People often mistake "the same" for "equal'. They also often miss the part about "CREATED" (and I'm not referring the whole "Creationism" this; I mean the zero-to-born thing, with emphasis on the "born". And, since "equal" doesn't mean "the same", that goes to the thing that there are babies born with health/medical issues of varying types that will mean one or another child will have something that would separate him from the group of "most other people" who would be considered perfectly healthy and without serious limitations on potential to live a normal life. BUT, "equal" doesn't mean "without 'issues'" either.
So, with all that said, yes... every single human being comes into the world equal in terms of "worth" and potential. Of course a new baby can't offer much to the world beyond his own family for a good number of years, but "worth" or "potential" are not about money or power or any of the other "baloney" that people far too often use when assigning "worth" and "equality" to others (and that includes their own children sometimes, while much of the time people will assign and dole out "worth" based on all kinds of things at different times and in different situations.
Too many people can't, or won't, sort out all the different things that eventually amount to "inequality", depending on who values what or who decides that whom is not equal. Too many people also only think of "men" (or human beings) as what they eventually become once they're long past being newborns and, to one extent or another, have moved out beyond that world that starts out as pretty much a tiny and narrow world of the newborn and his mother (and to some extent in some cases, his father).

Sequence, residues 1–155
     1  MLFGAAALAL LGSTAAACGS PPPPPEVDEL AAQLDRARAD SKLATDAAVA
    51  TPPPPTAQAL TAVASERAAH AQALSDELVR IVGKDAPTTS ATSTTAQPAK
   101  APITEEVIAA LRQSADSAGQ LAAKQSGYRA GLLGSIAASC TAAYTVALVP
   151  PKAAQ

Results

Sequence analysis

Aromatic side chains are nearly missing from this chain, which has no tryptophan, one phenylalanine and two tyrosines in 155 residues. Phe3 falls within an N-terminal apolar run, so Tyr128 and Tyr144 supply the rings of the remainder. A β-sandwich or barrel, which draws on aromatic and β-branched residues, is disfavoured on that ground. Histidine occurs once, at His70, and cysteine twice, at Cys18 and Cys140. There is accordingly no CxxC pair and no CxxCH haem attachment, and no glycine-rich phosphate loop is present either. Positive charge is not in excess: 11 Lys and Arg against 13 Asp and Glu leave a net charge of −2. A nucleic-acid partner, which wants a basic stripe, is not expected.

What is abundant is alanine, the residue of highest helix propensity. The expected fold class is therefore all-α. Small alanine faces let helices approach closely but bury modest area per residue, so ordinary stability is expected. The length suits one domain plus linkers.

Historically and in some cultures there have always been, and are even today, those who believe that one brings into the world "unequal genes" that give some people an edge of others. Better informed people now know better.
The concept of being born/"created" equal seems like one that isn't that hard to understand, and discussing it as if it's debatable seems like a discussion more appropriate for grade-school children. It shouldn't be a subject that grown-ups stew about or debate - not in a country founded upon that very simple and easy-to-understand concept, anyway. As far as I know, nobody ever said that everyone would end up "the same" - only that every human baby starts out of equal "value" and potential. It's not a matter of what I believe. It's what is.